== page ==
From the Editors
The New York Times says Jadaliyya "Brings New Life to Arab Studies." Read about it by clicking here.
New Texts Out Now: Linda Herrera, Revolution in the Age of Social Media: The Egyptian Popular Insurrection and the Internet
Linda Herrera, Revolution in the Age of Social Media: The Egyptian Popular Insurrection and the Internet. London and New York: Verso, 2014. Jadaliyya (J): What made you write this book? Linda Herrera (LH): In the months prior to the Arab uprisings, I had been conducing research on Egypt’s “wired generation”—their social media habits, ways of doing politics, and networks. When it became known that Egypt’s popular mobilization on 25 January 2011 was launched from a Facebook ...Keep Reading »
Linda Herrera, editor (with Rehab Sakr), Wired Citizenship: Youth Learning and Activism in the Middle East. London and New York: Routledge, 2014. Jadaliyya (J): What made you put together this book? Linda Herrera (LH): The idea for this book began during the workshop, “Youth and Citizenship in a Digital Era” of the Thirteenth Mediterranean Research Meeting of the Robert Schumann Center for Advanced Studies at the European University Institute. During three days of lively ...Keep Reading »
عبد الرحمن منصور هو الناشط في الفضاء الألكتروني الذي حدد تاريخ 25 يناير موعداً للثورة المصرية. وقد جاء وقت الحديث معه. في يونيو 2010، اقترح عبد الرحمن منصور، البالغ من العمر حينئذ 23 عاماً، على وائل غنيم إنشاء صفحة على الفيسبوك وحملة لمناهضة التعذيب تكريماً لخالد سعيد، ذلك الشاب السكندري الذي قتله الشرطة. وكان الاثنان قد عملا معاً كمديرين (أدمنز) لصفحة محمد البرادعي على الفيس بوك، وكانا على استعداد لتصعيد حملتهما الألكترونية لمستويات أعلى. وشكل المزيج المتمثل في قدرة منصور ...Keep Reading »
AbdelRahman Mansour is the cyberactivist who set the date of 25 January for the Egyptian revolution. It is time for you to meet him. In June 2010, Wael Ghonim set up the Facebook page and anti-torture campaign in honor of Khaled Said, the Alexandrian killed at the hands of police. Abdulrahman joined him as a co-administrator (admin) on the page three days later. The two had been working together on Mohamed ElBaradei’s Facebook page and were ready to take their ...Keep Reading »
Linda Herrera, “Youth and Citizenship in the Digital Age: A View from Egypt.” Harvard Educational Review (Fall 2012). Jadaliyya (J): What made you write this article? Linda Herrera (LH): Schools once served as temples of citizenship education, but this is no longer the case. I came to the realization of the diminished role of schooling in the lives of young Egyptians during a visit to a public high school in 2006. I arrived at a school in the Delta in the middle of the ...Keep Reading »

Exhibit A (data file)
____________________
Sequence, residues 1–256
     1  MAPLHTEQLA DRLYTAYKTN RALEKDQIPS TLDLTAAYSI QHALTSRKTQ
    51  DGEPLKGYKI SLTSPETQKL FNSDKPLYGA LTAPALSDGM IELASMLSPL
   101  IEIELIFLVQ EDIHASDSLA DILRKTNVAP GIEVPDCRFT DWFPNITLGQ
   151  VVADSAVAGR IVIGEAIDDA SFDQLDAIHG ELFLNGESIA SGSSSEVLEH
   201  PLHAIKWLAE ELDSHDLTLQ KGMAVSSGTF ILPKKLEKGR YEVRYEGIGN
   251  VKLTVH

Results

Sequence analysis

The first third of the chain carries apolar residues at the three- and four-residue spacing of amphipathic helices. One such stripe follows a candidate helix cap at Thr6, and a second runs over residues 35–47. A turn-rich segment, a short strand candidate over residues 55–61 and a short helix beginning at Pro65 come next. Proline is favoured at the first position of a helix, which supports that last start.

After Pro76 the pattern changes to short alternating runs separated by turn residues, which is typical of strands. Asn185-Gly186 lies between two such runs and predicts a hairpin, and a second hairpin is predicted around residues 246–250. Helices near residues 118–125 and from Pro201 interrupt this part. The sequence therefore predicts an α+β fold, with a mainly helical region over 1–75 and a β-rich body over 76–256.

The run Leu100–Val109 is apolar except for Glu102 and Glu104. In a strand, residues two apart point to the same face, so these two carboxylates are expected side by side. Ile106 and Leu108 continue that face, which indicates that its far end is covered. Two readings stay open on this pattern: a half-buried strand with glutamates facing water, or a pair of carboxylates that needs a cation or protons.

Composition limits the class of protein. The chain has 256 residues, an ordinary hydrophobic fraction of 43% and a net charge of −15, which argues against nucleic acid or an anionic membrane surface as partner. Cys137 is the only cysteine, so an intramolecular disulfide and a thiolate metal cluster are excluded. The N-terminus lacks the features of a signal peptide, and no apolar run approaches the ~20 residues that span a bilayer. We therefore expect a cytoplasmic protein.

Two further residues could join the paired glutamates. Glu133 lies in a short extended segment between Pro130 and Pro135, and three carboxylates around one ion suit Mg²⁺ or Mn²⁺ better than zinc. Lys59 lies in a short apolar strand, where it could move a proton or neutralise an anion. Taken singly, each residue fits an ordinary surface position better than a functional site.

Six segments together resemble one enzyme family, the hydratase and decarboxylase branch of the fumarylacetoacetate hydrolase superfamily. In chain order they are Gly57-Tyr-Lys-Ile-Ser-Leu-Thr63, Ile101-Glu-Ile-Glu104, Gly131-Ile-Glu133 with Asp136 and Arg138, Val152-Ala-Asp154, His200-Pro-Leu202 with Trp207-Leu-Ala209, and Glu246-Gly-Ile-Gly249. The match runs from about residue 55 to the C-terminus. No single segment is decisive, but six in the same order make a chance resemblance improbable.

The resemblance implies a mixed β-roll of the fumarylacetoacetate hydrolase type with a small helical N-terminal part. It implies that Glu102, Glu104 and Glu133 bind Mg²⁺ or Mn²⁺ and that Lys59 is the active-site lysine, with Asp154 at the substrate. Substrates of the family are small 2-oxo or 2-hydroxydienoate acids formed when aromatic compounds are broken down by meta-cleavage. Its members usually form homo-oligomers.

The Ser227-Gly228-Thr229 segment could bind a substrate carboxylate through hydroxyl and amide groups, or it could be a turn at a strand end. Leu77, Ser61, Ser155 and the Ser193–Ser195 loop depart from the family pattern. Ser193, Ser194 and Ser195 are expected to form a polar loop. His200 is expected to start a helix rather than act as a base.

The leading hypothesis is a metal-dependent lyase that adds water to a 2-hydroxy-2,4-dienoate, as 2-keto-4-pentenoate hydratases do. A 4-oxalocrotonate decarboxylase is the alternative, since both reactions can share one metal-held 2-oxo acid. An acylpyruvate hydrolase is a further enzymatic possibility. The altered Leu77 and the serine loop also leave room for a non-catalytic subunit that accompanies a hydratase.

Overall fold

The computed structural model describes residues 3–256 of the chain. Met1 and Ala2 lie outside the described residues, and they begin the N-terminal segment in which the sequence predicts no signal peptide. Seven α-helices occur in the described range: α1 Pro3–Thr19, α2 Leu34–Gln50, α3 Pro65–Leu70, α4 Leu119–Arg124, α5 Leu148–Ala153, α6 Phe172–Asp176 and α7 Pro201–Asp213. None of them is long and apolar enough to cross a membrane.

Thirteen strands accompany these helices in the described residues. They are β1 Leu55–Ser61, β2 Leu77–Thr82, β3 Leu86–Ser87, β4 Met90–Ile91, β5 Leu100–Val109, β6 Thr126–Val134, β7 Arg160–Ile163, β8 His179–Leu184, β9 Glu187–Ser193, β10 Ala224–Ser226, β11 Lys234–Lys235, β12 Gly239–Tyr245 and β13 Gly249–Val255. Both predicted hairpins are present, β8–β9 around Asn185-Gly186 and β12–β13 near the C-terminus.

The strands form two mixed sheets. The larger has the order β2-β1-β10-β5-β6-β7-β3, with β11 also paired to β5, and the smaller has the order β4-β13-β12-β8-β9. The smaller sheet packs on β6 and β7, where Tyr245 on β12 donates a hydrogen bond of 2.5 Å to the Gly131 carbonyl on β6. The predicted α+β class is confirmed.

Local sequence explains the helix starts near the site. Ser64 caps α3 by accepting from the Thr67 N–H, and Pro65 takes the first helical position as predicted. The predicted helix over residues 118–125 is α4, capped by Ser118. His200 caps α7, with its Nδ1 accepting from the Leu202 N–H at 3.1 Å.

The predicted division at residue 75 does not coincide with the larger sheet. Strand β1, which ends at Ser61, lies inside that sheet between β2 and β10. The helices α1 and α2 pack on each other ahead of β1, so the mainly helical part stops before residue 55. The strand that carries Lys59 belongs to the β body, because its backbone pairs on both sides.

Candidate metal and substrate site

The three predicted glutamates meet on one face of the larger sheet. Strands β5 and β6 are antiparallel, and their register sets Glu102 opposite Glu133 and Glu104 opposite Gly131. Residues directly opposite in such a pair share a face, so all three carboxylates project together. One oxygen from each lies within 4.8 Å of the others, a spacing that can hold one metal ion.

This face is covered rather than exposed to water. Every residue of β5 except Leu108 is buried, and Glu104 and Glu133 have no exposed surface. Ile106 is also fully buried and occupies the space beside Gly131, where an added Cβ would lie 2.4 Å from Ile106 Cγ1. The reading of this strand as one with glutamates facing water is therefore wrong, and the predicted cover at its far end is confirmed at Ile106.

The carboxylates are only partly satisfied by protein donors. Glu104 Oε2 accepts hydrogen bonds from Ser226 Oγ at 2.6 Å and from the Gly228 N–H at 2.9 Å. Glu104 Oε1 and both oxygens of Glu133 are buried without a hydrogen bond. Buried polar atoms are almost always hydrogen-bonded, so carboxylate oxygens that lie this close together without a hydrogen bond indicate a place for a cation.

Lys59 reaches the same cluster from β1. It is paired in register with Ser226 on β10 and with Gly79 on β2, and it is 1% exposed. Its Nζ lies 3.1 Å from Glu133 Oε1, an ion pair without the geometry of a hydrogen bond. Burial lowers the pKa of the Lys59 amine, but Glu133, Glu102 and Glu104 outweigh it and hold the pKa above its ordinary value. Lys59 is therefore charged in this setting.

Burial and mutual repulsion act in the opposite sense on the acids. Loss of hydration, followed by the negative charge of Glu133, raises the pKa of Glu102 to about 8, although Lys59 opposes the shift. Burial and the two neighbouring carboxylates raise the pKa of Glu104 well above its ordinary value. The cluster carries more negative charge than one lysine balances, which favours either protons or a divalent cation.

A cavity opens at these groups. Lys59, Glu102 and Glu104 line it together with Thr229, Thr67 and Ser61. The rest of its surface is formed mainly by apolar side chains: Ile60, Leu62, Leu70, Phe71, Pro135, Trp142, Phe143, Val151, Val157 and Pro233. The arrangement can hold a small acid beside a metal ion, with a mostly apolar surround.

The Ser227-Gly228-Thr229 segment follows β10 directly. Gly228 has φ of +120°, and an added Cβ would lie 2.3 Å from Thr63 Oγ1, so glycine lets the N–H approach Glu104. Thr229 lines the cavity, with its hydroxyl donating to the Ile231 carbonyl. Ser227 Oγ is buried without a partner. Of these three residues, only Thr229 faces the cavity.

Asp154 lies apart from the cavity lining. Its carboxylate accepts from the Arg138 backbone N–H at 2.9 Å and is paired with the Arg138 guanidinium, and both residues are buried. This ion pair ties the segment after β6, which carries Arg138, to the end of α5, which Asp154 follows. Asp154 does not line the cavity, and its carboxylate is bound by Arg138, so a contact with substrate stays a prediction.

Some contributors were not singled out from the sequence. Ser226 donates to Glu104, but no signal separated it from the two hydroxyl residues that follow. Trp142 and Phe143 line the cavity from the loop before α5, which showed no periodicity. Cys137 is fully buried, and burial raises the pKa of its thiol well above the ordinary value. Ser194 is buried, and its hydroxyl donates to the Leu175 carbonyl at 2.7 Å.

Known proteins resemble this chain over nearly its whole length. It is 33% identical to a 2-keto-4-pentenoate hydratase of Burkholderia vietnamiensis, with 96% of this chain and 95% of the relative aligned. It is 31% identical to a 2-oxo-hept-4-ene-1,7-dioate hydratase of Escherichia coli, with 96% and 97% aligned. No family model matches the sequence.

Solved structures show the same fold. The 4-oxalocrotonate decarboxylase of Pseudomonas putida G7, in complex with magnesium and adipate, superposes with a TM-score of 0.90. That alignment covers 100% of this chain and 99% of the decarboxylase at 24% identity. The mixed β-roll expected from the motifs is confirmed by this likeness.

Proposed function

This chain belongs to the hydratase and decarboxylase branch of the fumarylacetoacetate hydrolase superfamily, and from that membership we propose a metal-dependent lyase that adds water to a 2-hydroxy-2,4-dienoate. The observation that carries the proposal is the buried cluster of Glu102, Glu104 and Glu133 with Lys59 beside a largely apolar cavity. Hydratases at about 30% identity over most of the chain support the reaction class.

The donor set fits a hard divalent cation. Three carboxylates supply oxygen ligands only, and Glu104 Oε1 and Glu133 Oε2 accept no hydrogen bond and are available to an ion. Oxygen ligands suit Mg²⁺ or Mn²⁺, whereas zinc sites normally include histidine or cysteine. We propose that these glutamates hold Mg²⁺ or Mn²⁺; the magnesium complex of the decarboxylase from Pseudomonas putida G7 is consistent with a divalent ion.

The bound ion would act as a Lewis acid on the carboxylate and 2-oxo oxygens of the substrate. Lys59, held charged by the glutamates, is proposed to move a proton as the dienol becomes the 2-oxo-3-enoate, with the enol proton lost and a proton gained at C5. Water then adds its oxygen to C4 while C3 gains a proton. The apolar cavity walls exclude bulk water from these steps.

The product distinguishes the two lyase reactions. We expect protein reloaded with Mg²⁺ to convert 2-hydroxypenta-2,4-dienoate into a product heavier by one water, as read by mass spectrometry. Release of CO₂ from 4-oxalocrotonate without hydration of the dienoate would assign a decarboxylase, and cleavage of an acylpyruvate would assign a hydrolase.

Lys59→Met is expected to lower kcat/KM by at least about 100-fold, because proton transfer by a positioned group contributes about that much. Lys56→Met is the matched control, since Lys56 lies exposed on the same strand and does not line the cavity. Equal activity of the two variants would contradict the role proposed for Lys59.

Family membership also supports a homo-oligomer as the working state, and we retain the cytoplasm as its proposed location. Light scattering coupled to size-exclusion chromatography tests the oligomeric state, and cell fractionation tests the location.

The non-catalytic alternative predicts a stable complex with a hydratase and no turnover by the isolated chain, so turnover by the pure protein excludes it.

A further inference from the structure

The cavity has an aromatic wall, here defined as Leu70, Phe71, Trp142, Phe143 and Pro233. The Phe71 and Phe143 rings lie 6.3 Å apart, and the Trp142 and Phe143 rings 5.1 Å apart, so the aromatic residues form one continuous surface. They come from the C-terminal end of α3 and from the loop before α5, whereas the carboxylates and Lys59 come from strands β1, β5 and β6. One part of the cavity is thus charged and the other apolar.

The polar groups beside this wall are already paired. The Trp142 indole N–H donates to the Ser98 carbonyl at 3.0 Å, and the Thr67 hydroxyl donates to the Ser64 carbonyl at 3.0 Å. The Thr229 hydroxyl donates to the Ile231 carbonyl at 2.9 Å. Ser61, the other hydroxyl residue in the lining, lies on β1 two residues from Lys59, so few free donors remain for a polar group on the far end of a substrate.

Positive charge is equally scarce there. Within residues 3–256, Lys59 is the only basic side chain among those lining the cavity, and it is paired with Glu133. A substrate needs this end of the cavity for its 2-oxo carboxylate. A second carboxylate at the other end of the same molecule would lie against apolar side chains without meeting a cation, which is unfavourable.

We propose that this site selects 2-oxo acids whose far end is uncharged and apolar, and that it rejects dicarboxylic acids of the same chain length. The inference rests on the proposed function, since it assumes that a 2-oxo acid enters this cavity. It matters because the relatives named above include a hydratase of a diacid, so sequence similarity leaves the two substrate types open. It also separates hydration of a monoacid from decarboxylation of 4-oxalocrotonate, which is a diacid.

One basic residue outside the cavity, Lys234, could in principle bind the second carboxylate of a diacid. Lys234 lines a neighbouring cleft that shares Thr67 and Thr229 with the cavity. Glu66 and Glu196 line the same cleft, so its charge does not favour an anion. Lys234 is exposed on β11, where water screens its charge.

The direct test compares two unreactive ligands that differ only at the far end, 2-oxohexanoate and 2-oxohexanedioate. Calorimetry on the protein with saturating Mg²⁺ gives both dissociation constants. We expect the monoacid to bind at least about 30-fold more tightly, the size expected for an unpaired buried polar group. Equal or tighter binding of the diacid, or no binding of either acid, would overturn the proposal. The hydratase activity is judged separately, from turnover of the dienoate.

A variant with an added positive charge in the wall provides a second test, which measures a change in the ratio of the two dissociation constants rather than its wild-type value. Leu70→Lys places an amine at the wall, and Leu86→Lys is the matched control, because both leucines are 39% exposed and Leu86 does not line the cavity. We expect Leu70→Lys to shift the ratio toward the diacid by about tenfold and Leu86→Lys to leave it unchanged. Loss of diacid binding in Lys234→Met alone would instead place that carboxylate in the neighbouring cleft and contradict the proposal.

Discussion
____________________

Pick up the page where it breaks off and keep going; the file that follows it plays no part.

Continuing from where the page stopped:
Generation Rev, the revolutionary generation that has overtaken the world stage, whether in Tahrir Square or on Wall Street, has arrived at a critical juncture. This group of twenty-somethings has been experimenting for five to six years with novel ways of doing politics. They are known for horizontal organizing, persistent civil disobedience, and networking and mobilizing across lines of difference—ideological and otherwise—all of which have been greatly facilitated by new ...Keep Reading »
“Beneath this mask there is more than flesh. Beneath this mask there is an idea […] and ideas are bulletproof.” - From the film V for Vendetta In the summer of 2010 the youth of Facebook, “shebab al-Facebook,” began a campaign of peaceful civil disobedience through the Arabic “We are all Khaled Said” Facebook Fan Page. The success of their “silent stands” throughout the country gave youth a media friendly face as a group that espouses peaceful non-violent forms of ...Keep Reading »
The call for a Day of Rage on January 25, 2011 that ignited the Egyptian revolution originated from a Facebook page. Many have since asked: Is this a “Facebook Revolution?” It is high time to put this question to rest and insist that political and social movements belong to people and not to communication tools and technologies. Facebook, like cell phones, the internet, and twitter, do not have agency, a moral universe, and are not predisposed to any particular ...Keep Reading »
Linda Herrera is Associate Professor in the department of Education, Policy, Organization and Director of the Global Studies in Education program at the University of Illinois at Urbana-Champaign (UIUC). Previously, she lived and worked for seventeen years in Egypt, and seven years in the Netherlands where she held positions at the International Institute for the Study of Islam in the Modern World (ISIM) and the International Institute of Social Studies of Erasmus University Rotterdam. She is the author of Revolution in the Age of Social Media: The Egyptian Popular Insurrection and the Internet (Verso, 2014) and Scenes of Schooling: Inside a Girls’ School in Cairo (Cairo Papers in Social Science, 1992); the editor of Wired Citizenship: Youth Learning and Activism in the Middle East, with Rehab Sakr (Routledge, 2014) and Qiyam! Julus! Thaqafat al-Ta’alim fi Misr [“Stand-up! Sit Down!” Cultures of Schooling in Egypt] (Cairo Population Council, 2003); and co-editor of Being Young and Muslim: New Cultural Politics in the Global South and North (Oxford, 2010) and Cultures of Arab Schooling: Critical Ethnographies from Egypt (SUNY Press, 2006).
"The main aims of the democratization package seem to be covering up the state’s colonial history and responsibility for the “Kurdish problem,” and deliberately overlooking the economic marginalization and class stratification, as well the intensification of a class-based division of labor, in the country."click | email | tweet